Soil Site Reporter

Soil Associations

0411a Evesham 1

Soil and site characteristics
Slowly permeable calcareous clayey soils associated with shallow well drained brashy calcareous soils over limestone. Landslips and associated irregular terrain locally.

Jurassic clay and limestone
Cropping and Land Use
Permanent and short term grassland with much winter cereals; stock rearing and dairying in moist lowlands.

Component soil series

Subgroup Series name Percentage WRB 2006 link
4.11 EVESHAM 40% Calcaric Stagnic Vertic Cambisols
4.11 HASELOR 20% Clayic Calcaric Endoskeletic Cambisols
3.43 SHERBORNE 15% Calcaric Leptosols
5.11 MORETON 10% Calcaric Endoleptic Cambisols
Covers 948 km2 in England and Wales

Soilscapes Classification
Lime-rich loamy and clayey soils with impeded drainage

Alert ! - slowly permeable soils with seasonal wetness read the alert

0411a Evesham 1

Detailed Description

The main soils in this association are calcareous clays of variable depth, differing in water regime according to the permeability of the substratum. They are found on Jurassic clays, particularly where they contain limestone bands, in Northamptonshire, Warwickshire, through Gloucestershire into Somerset, and in west Dorset. Evesham series, calcareous pelosols in clay shales, predominate. They are only slowly permeable, but well developed structures in the topsoil and immediate subsurface horizon lessen the incidence of waterlogging. Haselor soils are similar to Evesham series but they have thin limestone bands at 50 to 80 cm depth. Where underlying limestone bands are thick and the substratum more permeable there are Moreton soils, typical brown calcareous earths, and shallow brashy soils of the Sherborne series.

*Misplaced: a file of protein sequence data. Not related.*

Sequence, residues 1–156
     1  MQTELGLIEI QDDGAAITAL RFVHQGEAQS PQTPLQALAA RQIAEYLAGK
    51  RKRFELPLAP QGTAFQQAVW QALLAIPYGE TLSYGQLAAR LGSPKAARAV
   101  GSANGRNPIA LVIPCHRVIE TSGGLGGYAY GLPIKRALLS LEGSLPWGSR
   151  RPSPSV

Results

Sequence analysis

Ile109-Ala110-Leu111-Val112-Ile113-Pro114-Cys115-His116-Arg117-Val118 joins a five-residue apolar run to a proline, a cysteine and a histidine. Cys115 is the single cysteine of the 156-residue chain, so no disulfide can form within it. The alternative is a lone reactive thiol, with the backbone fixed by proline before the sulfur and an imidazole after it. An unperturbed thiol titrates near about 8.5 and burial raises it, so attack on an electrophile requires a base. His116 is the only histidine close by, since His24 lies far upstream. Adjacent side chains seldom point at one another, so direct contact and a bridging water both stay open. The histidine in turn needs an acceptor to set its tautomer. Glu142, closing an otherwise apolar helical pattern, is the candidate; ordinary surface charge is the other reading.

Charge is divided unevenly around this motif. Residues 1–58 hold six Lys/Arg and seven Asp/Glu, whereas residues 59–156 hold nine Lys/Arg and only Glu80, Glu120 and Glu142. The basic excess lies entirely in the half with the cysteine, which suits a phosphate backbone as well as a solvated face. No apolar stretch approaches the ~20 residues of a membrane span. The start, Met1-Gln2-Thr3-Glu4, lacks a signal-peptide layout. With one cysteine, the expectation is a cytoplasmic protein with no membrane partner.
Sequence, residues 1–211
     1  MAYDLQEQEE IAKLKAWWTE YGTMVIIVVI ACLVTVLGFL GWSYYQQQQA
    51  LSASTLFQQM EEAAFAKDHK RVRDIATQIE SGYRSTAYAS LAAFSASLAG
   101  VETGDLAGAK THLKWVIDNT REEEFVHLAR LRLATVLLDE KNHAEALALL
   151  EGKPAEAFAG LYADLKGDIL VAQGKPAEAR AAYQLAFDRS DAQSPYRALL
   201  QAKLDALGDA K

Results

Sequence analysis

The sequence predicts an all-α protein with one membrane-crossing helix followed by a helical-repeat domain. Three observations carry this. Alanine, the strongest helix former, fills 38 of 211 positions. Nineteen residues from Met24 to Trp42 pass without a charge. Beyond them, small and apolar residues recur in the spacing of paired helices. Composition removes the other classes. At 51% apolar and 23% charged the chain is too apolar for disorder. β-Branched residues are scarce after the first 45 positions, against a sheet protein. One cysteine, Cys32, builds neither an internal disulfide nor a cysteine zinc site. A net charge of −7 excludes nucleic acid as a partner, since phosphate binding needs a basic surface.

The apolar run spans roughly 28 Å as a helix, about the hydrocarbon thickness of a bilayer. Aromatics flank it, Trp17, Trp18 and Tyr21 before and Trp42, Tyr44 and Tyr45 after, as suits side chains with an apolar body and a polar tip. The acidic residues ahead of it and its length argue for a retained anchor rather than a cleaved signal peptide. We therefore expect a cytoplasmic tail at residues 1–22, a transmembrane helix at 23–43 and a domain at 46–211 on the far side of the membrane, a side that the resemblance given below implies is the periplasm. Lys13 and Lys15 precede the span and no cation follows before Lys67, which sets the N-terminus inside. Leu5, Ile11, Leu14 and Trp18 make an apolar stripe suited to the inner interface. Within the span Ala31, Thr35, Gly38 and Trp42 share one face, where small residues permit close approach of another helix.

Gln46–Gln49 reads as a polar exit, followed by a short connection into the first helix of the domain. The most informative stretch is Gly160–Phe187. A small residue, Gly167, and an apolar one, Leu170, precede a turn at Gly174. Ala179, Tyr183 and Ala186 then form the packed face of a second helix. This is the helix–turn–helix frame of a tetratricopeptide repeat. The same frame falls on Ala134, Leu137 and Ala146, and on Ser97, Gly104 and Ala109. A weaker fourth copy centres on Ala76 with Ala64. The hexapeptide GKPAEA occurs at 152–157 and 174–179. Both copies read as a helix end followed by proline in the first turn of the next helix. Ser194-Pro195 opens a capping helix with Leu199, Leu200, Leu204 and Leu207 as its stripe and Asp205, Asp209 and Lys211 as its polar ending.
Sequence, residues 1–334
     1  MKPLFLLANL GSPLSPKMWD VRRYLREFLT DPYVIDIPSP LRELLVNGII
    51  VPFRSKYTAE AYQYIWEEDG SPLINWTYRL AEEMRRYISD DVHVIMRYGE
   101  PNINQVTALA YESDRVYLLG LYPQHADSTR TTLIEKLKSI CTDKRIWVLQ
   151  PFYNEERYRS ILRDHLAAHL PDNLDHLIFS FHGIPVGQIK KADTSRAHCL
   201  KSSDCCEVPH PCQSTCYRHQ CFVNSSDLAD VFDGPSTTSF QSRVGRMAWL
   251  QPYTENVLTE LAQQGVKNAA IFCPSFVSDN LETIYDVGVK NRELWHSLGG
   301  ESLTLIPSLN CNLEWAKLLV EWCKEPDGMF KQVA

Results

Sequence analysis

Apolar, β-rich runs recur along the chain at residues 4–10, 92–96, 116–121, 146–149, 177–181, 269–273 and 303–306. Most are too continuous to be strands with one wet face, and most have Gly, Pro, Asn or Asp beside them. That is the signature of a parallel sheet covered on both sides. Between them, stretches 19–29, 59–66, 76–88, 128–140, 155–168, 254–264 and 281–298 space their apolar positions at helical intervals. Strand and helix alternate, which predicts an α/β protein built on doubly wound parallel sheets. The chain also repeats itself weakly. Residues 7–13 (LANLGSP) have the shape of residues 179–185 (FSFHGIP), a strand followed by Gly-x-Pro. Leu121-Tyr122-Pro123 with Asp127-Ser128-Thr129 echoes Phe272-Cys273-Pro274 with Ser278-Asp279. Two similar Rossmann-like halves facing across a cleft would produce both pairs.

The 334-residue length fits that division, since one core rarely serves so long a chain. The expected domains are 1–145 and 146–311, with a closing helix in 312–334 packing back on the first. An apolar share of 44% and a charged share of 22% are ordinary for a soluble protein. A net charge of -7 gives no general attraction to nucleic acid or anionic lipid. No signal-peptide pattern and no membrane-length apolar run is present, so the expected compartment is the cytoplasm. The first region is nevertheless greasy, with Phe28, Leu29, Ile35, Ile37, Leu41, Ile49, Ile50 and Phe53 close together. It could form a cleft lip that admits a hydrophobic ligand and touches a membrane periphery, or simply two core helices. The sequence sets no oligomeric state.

The association is generally found on high ground adjacent to limestone soils, or on moderately sloping scarp slopes with extensive landslip features; in the clay vales it is found mainly on gentle slopes. Nationally the association is widespread covering 923 km², but in Eastern England it occupies only 60 km², the greatest part on clays and limestones of the Inferior and Great Oolite formations to the north-east of Corby, Northamptonshire, but extending into Cambridgeshire south of Wittering. Slopes are mainly gentle and moderate steepening occasionally up to 11 degrees. Though represented in the Midlands as a narrow band from Kilvington to Langar in the Vale of Belvoir (Thomasson 1971), the main occurrence of this association, an area of about 30 km², is on Lias clay and limestones in Warwickshire and Worcestershire near Southam, Kineton and Evesham. There are also 15 km² in east Leicestershire on clays and limestones in the Inferior and Great Oolite formations, where Moreton series is locally extensive, accompanied by shallow Sherborne soils and small areas of wet, clayey Denchworth soils.